You Might be Addicted to Cookies/Sweets If:
1.     You believe you can “control” how many cookies you ingest, yet most times are unsuccessful.
2.     You regularly have the thought that it is OK to eat sweets when ______ (blank) occurs.  (For me this was Date Night, birthdays, a weekend, I’m at my favorite vegan restaurant, my husband brings them home as a treat, etc.)
3.     You make excuses for eating sweets, blaming it on people, places and things.  (“Oh, it’s only licorice – it’s fat free!”)
4.     You start to become jealous of people around you who can eat sweets in a controlled manner.
5.     You expect a reward for staying away from sweets.
6.     You blame other people for all the sweets you eat.  (“My mother shouldn’t have let me eat all those sugary cereals growing up.”)
7.     You hang out with other people who constantly eat sweets (thus making it seem okay for you to eat them as well.)
8.     You begin to have an “I don’t care attitude” about all the sweets you eat, even though you know they aren’t good for you.
9.     You deny it’s really a problem.  (“Compared to most people, I’m a health nut!  I don’t really eat that many cookies and sweets…”)

When I answered these questions, I had this utter and profound realization:  This is me!!!!!  If this quiz helps define a sugar addict, then I am certainly an addict!  What was most shocking though, is that this little quiz didn’t come from someone’s personal blog or unverifiable source … it came from a very credible drug and alcohol website; yes indeed, everywhere you see the word “cookies/sweets” in the quiz above, it originally said “drugs/alcohol.”

Eckhart Tolle says that often times simply gaining knowledge about something will create the change you’ve been seeking.  That’s exactly what happened to me; just the knowledge that I was truly addicted to sweets caused this profound shift in my habits.  The day I read that quiz, I quit eating all refined sugars.  I suppose I was so disgusted that cookies and sweets literally had that kind of a hold on me that I wanted nothing to do with them any more.  For some reason, it seems more legitimate that cocaine could hold someone in the grips of addiction, but I’ll be damned if I’m going to let it be sugar.  Interestingly, about 1 in 100,000 people will die from cocaine addiction, but 70,000 in 100,000 will die from some diet-related disease, like heart disease, cancer, stroke or diabetes.  So food addictions are clearly not an uncommon problem.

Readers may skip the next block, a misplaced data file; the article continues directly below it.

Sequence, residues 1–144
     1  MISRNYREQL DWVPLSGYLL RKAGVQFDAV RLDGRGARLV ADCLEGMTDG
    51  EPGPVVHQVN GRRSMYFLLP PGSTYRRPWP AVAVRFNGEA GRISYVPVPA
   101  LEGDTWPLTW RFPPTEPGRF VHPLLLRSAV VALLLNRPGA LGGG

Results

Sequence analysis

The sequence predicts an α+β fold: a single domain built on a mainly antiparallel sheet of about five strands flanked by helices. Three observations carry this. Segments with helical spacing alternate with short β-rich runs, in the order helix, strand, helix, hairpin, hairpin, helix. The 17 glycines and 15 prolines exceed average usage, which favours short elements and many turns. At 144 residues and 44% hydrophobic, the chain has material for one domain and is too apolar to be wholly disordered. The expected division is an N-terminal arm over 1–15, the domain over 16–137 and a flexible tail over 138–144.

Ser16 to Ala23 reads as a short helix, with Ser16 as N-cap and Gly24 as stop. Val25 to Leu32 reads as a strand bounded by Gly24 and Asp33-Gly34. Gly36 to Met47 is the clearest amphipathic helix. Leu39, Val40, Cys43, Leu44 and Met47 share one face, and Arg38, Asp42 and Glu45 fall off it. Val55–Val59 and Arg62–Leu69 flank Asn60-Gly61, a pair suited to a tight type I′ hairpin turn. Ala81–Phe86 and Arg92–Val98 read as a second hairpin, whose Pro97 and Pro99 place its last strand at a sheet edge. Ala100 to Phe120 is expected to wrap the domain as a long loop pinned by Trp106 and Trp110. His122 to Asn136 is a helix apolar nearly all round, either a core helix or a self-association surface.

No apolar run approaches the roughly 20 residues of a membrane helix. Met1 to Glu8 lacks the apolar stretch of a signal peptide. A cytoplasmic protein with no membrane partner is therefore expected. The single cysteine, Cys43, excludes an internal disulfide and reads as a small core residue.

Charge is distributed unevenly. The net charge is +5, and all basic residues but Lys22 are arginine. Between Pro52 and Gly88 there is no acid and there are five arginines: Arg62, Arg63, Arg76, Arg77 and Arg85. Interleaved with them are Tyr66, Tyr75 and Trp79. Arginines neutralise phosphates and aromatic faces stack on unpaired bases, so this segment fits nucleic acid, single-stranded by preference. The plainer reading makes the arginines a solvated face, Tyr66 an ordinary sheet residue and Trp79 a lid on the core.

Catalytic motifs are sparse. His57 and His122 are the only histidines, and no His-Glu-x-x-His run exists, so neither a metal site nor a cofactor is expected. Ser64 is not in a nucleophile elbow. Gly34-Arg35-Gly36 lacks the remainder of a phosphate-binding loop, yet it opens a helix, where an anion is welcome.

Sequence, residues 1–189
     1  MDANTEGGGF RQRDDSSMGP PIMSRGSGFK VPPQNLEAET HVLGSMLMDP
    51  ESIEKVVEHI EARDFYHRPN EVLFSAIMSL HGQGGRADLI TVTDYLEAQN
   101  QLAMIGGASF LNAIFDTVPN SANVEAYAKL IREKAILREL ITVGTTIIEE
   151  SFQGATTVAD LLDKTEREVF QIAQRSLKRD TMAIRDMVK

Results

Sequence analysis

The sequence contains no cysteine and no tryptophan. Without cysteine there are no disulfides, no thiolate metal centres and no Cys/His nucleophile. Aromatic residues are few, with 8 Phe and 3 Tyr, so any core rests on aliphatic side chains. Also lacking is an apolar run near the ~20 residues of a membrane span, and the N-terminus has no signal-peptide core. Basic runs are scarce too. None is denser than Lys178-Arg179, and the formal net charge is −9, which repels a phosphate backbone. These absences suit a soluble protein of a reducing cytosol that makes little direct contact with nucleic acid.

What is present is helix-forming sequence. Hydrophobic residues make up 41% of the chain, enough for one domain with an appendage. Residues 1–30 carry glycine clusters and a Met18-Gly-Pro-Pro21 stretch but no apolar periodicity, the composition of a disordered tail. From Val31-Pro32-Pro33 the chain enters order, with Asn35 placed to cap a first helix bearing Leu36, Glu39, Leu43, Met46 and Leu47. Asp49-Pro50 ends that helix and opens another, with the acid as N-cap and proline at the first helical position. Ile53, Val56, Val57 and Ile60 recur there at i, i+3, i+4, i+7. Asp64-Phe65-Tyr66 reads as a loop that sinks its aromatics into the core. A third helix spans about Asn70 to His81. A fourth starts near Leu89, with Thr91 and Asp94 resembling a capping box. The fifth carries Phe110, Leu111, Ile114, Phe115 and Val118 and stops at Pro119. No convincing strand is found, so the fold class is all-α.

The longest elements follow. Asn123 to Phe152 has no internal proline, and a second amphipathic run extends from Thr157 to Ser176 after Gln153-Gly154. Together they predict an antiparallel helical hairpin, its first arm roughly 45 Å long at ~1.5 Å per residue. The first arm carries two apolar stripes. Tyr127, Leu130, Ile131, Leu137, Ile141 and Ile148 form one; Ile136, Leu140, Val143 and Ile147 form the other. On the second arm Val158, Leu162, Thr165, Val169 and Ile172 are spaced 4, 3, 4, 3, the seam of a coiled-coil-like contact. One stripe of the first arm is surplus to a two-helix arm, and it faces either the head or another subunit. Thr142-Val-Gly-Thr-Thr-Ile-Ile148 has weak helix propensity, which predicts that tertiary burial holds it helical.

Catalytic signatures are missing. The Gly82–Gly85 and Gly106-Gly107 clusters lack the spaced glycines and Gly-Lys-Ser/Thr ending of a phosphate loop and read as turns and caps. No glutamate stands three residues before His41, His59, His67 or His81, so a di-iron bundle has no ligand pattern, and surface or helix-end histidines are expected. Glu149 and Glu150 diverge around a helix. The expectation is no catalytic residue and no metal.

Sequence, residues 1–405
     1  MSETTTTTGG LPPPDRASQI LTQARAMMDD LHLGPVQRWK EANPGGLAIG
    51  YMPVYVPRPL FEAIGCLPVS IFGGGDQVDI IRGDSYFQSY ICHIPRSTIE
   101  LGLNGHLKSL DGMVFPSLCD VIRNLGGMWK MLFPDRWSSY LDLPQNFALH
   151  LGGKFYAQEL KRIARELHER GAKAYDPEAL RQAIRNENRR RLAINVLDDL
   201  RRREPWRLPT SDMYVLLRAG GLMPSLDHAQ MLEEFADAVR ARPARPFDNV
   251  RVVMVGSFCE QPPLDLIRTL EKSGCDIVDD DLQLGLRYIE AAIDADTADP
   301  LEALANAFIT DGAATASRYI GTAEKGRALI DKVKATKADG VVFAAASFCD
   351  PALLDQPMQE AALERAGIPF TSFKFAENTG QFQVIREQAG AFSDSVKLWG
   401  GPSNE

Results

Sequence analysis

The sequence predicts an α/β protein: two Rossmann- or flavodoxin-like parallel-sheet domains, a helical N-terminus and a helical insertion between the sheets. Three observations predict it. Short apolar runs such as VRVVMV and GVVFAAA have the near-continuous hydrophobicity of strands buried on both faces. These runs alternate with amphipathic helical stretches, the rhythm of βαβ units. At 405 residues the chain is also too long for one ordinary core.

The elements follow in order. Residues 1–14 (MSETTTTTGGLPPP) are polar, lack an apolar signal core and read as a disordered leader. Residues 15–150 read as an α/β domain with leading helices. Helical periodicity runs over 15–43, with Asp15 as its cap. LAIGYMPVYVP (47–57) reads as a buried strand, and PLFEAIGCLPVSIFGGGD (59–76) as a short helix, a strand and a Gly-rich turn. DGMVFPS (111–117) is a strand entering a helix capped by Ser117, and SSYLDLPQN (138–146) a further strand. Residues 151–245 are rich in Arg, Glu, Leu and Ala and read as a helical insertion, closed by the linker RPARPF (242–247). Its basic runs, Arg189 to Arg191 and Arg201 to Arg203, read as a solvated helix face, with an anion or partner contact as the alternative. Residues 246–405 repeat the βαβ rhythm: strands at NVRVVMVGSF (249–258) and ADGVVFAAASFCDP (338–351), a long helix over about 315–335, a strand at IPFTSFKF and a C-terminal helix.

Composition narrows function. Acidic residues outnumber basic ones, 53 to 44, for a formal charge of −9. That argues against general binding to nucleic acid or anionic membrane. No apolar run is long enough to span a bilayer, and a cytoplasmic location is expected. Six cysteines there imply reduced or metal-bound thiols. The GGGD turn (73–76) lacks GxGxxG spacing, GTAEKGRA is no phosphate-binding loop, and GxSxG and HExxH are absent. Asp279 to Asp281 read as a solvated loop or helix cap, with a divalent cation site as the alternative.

Interestingly, in David Kessler’s book, The End of Overeating, he says very clearly that salt, sugar, and fat – most especially when combined together – are very addictive.  I read that years ago and I always quote it in my lectures, but I guess I never realized that he was talking to me.  Now I know.

When I look back at my childhood, I can’t remember ever not scarfing down sugar at every chance I got.  It started with gummy bears, then moved to Ding Dongs and Ho Hos, Pixie Sticks and ice cream.  Every morning I had Fruit Loops or Cocoa Pebbles or Lucky Charms. As I grew up and became health conscious, I dropped those things for frozen yogurt (yay – a healthy treat - ha!!) and licorice (fat free!!) and eventually dropped that for my vegan treats – mainly vegan cookies and vegan ice cream.  They may not have any animal products in them, but they are packed full of refined sugars.

With this new discovery about the addictive qualities of food, I am reminded about all the lectures I have heard great speakers like Joel Fuhrman, MD, Michael Klapper, MD and Neal Barnard, MD give:  No one ever became addicted to broccoli, cantaloupe, black beans or brown rice.  These are nature’s foods, designed to nourish us and keep us healthy – not toss us in the physical and emotional throes of an addiction.

If you think you may be addicted to salt, sugar and/or fat, perhaps today is the day you will commit to setting yourself free.